MR. FARRELL: I presume they could also find out personal information about large numbers of students, which includes medical information and things of that nature?


            MR. FAHIE: Not necessarily. There are two dimensions to access. You have a role-based dimension: so I’m a teacher, which means I can do these things. I can take attendance; I can record a discipline incident; I can produce a report card, that sort of thing - so functions, if you will. I don’t have complete access to every function of the system.


            The second dimension is the records that I may access. So as a classroom teacher, my access would be limited functionally, but also to the students in my classroom. I wouldn’t have access to, for example, all 1,500 students at Citadel High School.


            MR. FARRELL: But if someone had the access of a principal or a guidance counsellor or maybe even a school nurse, then they would have a different form of access where they could actually not only look at the information, but they could change it as well?

            MR. FAHIE: I can’t tell you exactly what the role of a nurse, as an example, would be. I know it’s limited, so school nurses wouldn’t have access to all of that data. Principals would have the greatest access. They have it prior to iNSchool as well. They have access to all of the student records for the students in their school - confidential records and so forth, but yes, you are correct, certain roles have expanded access.


            MR. FARRELL: If that user name and password information had somehow been compromised and it was in the possession of an unauthorized person and you knew about it, what would you do?


            MR. FAHIE: That would depend on the circumstances. We may involve law enforcement if we felt that the nature by which that access was granted required that, so that would depend on who, or it may be dealt with by the board or it may be dealt with by the school. It really depends on how and who.


            MR. FARRELL: But if you didn’t know about it you couldn’t do anything about it. You would be powerless in the face of any of the harms that could possibly result from that.


            MR. FAHIE: Correct - we can’t know what we don’t know. I can tell you that we would know if data were being changed. We would hear about that very quickly. To our knowledge, we have never been hacked. I said earlier, 10 attempts and the account is locked and we log these attempts so if we see that there is an attempt on a particular account, we investigate.


            MR. CHAIRMAN: Are there other questions? Ms. Lohnes-Croft.


            MS. LOHNES-CROFT: Just continuing on - I know the school I worked in, the confidential records were kept in the office. You could only access them in the office. You weren’t allowed to take those records out of the office. Will that practice continue?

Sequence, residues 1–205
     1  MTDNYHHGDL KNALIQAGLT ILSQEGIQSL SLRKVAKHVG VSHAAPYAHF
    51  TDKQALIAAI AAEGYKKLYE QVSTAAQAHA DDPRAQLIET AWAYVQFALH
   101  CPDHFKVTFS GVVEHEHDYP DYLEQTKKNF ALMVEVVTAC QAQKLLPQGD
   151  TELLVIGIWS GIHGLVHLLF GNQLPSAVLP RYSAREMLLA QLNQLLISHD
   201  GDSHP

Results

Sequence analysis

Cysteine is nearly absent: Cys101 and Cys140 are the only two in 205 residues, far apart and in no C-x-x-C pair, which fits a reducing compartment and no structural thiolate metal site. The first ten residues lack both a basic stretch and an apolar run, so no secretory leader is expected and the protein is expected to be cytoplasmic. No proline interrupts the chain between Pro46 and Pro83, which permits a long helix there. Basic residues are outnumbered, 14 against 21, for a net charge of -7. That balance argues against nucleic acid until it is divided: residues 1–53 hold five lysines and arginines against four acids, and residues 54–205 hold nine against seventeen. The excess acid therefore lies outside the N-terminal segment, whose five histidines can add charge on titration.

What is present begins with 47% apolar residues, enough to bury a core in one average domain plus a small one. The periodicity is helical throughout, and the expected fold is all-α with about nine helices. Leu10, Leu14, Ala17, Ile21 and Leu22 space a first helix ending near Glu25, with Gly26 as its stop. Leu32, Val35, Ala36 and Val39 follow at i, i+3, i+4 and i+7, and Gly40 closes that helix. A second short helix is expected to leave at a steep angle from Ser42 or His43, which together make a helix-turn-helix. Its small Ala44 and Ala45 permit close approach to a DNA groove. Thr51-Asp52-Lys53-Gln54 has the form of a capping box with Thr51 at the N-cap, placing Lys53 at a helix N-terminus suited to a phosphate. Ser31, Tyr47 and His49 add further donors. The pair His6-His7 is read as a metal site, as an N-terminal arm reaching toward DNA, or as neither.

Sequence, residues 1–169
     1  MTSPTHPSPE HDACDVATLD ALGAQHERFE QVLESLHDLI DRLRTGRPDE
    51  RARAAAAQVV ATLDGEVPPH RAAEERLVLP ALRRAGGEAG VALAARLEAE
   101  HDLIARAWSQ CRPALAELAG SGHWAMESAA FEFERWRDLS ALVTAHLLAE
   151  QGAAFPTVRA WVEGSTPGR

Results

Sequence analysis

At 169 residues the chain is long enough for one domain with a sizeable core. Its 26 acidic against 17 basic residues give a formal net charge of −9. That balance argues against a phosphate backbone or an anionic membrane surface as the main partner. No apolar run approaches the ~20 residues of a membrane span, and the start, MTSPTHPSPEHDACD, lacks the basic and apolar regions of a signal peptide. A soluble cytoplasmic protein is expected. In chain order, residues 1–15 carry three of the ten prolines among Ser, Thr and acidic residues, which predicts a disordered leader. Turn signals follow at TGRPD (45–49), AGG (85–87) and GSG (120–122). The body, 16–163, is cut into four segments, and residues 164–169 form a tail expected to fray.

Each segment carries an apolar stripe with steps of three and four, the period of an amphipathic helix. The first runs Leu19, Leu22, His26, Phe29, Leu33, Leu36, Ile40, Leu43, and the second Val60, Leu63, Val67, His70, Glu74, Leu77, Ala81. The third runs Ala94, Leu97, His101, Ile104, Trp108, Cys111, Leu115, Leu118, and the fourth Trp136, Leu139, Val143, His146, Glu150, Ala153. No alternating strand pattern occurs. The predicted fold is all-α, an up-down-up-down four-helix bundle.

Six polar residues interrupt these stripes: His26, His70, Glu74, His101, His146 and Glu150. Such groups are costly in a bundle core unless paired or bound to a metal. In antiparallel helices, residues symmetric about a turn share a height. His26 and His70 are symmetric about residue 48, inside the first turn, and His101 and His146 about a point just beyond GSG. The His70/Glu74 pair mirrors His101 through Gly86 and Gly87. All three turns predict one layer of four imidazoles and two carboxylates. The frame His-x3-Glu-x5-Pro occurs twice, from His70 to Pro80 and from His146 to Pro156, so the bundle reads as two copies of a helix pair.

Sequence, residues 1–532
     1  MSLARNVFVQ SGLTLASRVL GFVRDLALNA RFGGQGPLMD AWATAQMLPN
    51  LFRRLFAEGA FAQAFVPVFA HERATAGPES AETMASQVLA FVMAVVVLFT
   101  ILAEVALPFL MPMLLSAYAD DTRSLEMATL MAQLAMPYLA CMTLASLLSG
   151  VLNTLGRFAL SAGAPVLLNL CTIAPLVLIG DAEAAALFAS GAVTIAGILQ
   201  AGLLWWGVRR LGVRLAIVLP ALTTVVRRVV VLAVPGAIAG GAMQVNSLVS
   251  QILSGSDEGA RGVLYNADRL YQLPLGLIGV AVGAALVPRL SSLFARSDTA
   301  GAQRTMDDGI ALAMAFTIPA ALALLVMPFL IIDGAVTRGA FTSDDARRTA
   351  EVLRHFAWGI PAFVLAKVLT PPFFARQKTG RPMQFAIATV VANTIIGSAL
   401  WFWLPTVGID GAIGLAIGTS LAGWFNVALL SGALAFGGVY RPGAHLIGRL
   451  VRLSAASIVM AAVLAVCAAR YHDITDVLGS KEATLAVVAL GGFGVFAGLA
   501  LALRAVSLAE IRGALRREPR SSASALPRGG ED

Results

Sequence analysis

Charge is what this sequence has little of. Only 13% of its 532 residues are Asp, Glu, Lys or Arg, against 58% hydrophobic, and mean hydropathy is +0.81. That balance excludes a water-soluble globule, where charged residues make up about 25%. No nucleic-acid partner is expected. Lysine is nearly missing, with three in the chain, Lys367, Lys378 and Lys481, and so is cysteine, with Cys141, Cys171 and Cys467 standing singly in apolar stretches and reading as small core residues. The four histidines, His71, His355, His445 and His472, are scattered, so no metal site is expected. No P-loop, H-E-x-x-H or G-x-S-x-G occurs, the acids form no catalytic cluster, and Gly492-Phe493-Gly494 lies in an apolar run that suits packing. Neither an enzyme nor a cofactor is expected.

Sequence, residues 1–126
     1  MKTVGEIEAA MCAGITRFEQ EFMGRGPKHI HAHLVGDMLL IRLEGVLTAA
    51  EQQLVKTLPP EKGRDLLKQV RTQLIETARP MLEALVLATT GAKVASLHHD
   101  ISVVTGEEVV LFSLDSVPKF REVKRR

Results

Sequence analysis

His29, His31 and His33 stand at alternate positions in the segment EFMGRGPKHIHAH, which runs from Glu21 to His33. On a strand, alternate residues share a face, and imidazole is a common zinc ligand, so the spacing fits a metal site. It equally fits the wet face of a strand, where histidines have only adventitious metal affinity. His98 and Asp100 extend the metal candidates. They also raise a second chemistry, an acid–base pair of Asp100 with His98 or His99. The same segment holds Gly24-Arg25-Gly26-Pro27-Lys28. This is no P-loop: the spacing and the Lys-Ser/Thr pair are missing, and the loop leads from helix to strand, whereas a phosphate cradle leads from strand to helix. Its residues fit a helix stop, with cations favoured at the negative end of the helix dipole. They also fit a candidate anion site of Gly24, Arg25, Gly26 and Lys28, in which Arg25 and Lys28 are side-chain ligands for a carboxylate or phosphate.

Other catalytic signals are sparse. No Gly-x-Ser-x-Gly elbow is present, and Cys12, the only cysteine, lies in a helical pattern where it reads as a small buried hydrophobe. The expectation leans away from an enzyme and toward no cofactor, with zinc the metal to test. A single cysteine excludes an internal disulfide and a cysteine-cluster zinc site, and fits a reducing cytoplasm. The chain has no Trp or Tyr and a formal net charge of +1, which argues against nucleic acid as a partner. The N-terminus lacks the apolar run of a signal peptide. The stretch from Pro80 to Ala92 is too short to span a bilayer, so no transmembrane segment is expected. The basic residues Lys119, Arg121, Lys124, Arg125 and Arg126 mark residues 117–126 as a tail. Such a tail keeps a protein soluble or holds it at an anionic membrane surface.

MS. WILLIAMS: Access to the confidential records still falls under the student records policy, and you have mentioned the procedures under that policy where there was limited access through the principal and the records were reviewed on-site, they couldn’t be taken home, for example.


            With the electronic system we continue to have limited access to the records. It’s a bit different in that it’s an electronic copy, but the principle of limited access still applies as you’re describing from the former days.


            MR. CHAIRMAN: Any other questions? Mr. Horne.


            MR. HORNE: A quick question. I’m curious to know how the teachers are taking on this project for themselves - has it been beneficial in making their life easier or more cumbersome in entering data, and can they use the computers at home to access and input data?

            MR. FAHIE: Yes, they can access the system from home and they can manage the data from that place, whether it is assessment data, looking at lesson plans ahead, and so forth. I think it has been tremendously beneficial for everyone in the system, including teachers.


            MR. CHAIRMAN: Order, please. Time has expired for questions.


Ms. McKenzie, we’ll now give you an opportunity to provide some closing comments if you wish.


            MS. MCKENZIE: They will be very brief. Thank you very much for the questions today. It’s an opportunity for us to talk about iNSchool and I think it’s an opportunity to have the light shone back on the fact that we’ve addressed any security issues that were raised by the Auditor General, and that this is a secure system and it is supporting the education plan as we move ahead.


I’d like to thank my colleagues for answering most of the tough questions here today and I hope everybody enjoys their day.


            MR. CHAIRMAN: Thank you for being with us.


We just have one piece of committee business - from the Department of Community Services there was some information that everyone would have received based on information that was requested from our April 1st meeting with them.


 If there are no other matters coming before the committee, and I see none, the next meeting will be May 6th with the Nova Scotia Health Authority to discuss central zone staffing.


This meeting is now adjourned.


            [The committee adjourned at10:47 a.m.]